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ARS Home » Plains Area » College Station, Texas » Southern Plains Agricultural Research Center » Food and Feed Safety Research » Research » Publications at this Location » Publication #321265

Title: Spatial and temporal changes in the broiler chicken cecal and fecal microbiomes and correlations of bacterial taxa with cytokine gene expression

item OAKLEY, BRIAN - Western University Of Health Sciences
item Kogut, Michael - Mike

Submitted to: Frontiers in Veterinary Infectious Diseases
Publication Type: Peer Reviewed Journal
Publication Acceptance Date: 2/4/2016
Publication Date: 2/19/2016
Publication URL:
Citation: Oakley, B.B., Kogut, M.H. 2016. Spatial and temporal changes in the broiler chicken cecal and fecal microbiomes and correlations of bacterial taxa with cytokine gene expression. Frontiers in Veterinary Infectious Diseases. doi: 10.3389/fvets.2016.00011.

Interpretive Summary: The development of the immune response in baby chicks is by the animal's gut. This is because the gut is exposed to not only nutrients, but also many bacteria that live in the gut. What has been found over the last 20 years is that bacteria that do not cause disease, but normally grow in the gut can work together to make the baby animals immune system work better and prevent the bad germs from growing. This paper shows that the growth of specific bacteria control specific components of the baby chick's local immune environment in the gut. This paper would be beneficial to chicken growers, microbiologists, and nutritionists, and will help make better animal feeds that encourage the growth of the normal bacteria in the gut and help the development of a healthy immune system.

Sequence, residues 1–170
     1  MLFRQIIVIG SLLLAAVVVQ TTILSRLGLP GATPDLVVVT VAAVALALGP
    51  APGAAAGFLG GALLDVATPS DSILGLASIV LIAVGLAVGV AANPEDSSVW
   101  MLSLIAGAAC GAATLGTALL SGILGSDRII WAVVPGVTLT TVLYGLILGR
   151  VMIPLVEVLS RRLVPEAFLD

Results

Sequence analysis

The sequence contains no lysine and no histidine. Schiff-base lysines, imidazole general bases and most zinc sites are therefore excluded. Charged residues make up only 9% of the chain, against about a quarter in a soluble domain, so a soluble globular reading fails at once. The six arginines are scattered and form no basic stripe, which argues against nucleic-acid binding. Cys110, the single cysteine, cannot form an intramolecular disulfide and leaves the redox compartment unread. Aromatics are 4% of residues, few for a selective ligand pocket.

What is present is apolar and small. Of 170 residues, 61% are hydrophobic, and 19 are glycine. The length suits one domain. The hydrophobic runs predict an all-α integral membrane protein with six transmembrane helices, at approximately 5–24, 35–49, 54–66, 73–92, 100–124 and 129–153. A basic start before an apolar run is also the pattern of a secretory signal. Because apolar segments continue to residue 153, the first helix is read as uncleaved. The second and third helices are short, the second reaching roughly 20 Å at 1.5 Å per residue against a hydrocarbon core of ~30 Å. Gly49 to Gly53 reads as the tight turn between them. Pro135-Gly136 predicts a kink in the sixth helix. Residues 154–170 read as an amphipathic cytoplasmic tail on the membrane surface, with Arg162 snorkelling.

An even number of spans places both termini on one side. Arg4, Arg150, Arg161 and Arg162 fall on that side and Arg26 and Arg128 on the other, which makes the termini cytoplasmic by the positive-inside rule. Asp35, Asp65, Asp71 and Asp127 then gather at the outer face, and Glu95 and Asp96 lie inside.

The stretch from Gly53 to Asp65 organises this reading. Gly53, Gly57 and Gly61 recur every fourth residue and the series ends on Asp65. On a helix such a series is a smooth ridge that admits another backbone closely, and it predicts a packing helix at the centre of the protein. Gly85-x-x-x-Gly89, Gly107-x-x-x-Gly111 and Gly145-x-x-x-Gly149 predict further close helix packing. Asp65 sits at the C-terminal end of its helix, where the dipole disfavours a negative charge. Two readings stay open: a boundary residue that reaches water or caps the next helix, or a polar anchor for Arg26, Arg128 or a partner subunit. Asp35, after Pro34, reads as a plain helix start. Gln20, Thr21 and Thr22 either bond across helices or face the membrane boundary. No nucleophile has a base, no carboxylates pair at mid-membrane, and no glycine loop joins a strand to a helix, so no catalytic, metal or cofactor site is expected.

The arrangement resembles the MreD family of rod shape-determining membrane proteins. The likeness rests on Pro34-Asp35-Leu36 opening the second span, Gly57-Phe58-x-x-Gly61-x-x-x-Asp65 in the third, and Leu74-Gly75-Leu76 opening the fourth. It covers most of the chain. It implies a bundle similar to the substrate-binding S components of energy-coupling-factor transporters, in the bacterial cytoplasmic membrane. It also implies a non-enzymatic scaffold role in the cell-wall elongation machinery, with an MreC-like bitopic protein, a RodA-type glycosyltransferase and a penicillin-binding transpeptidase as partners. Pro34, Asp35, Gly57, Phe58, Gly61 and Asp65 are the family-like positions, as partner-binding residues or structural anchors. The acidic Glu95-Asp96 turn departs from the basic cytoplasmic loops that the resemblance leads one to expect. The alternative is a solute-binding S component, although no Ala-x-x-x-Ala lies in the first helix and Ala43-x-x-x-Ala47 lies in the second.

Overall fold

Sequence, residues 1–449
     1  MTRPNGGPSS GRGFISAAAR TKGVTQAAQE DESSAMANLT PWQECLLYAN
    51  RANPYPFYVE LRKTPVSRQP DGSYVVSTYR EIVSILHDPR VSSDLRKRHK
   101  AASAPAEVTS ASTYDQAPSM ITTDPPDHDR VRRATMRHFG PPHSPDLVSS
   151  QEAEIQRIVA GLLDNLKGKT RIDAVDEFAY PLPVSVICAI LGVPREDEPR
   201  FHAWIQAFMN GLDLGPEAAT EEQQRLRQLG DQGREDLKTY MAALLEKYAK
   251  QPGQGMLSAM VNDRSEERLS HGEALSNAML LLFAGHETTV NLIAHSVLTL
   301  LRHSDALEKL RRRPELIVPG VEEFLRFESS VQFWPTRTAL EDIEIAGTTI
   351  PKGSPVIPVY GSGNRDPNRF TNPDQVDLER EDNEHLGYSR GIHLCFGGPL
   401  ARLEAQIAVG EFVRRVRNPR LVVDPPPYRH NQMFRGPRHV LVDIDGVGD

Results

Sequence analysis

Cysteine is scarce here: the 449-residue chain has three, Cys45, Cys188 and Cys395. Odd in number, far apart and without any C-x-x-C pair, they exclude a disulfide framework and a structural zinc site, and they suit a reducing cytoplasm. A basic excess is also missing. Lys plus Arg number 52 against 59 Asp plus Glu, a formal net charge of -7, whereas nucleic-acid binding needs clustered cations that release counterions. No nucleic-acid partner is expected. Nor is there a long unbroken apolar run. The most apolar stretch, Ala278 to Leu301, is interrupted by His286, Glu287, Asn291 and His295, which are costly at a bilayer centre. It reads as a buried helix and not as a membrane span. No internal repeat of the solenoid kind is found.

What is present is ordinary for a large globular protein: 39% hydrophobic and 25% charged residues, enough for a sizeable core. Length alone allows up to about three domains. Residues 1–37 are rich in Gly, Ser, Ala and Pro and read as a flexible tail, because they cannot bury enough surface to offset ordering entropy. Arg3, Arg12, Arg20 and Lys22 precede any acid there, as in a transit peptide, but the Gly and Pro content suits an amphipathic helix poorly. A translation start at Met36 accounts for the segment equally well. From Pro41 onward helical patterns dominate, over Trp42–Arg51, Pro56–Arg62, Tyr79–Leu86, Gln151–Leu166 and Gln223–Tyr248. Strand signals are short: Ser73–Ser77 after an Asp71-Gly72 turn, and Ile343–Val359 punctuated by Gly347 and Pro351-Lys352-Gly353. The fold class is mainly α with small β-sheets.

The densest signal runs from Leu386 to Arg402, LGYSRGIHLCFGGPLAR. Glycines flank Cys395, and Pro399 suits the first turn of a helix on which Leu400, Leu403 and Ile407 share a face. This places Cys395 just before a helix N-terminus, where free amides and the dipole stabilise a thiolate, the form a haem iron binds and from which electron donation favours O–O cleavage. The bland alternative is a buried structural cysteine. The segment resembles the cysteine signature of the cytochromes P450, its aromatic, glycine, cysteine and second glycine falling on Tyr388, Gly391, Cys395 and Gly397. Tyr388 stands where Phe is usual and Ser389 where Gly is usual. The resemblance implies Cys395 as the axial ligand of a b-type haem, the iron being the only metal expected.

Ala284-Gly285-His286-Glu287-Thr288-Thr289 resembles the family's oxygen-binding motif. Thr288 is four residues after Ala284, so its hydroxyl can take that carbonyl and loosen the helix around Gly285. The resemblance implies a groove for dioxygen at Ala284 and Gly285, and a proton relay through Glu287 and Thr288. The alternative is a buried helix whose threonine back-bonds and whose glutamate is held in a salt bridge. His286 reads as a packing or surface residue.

Technical Abstract: To better understand the ecology of the poultry gastrointestinal (GI) microbiome and its interactions with the host, we compared GI bacterial communities by sample type (fecal or cecal), time (1, 3, and 6 weeks post-hatch), and pen (1, 2, 3, or 4), and measured serum levels of the cytokines IL18, IL1-B, and IL6, IL10, and TGF-B4. The microbiome was characterized by sequencing of 16S rRNA gene amplicons, and immune responses were measured by a panel of quantitative-PCR assays targeting mRNAs. Significant differences were observed in the microbiome by GI location (fecal versus cecal) and bird age as determined by permutational MANOVA and phylogenetic hypothesis tests. At 1 wk post-hatch, bacterial genera significantly over-represented in fecal versus cecal samples included Gallibacterium and Lactobacillus, while the genus Bacteroides was significantly more abundant in the cecum. By 6 wk post-hatch, Clostridium and Caloramator (also a Clostridiales) sequence types had increased significantly in the cecum and Lactobacillus remained over-represented in fecal samples. In the ceca, the relative abundance of sequences classified as Clostridium increased by ca. 10-fold each, with a sampling period from 0.1% at 1 wk, to 1% at 3 wk, and 18% at 6 wk. Increasing community complexity through time were observed in a variety of ecological metrics. IL18 and IL-1B increased to maximum mean expression levels 1.5 fold greater at wk 3 than wk 1, while IL6 decreased to 0.8-fold and 0.5-fold expression at 3 wk and 6 wk post-hatch respectively, relative to wk 1. Expression of pro-inflammatory cytokines was generally negatively correlated with the relative abundance of various members of the phylum Firmicutes and positively correlated with Proteobacteria. Correlations of the microbiome with immune responses highlights the importance of the GI microbiome for bird health and productivity and may be a successful high-throughput strategy to identify bacterial taxa with specific immune-modulatory properties.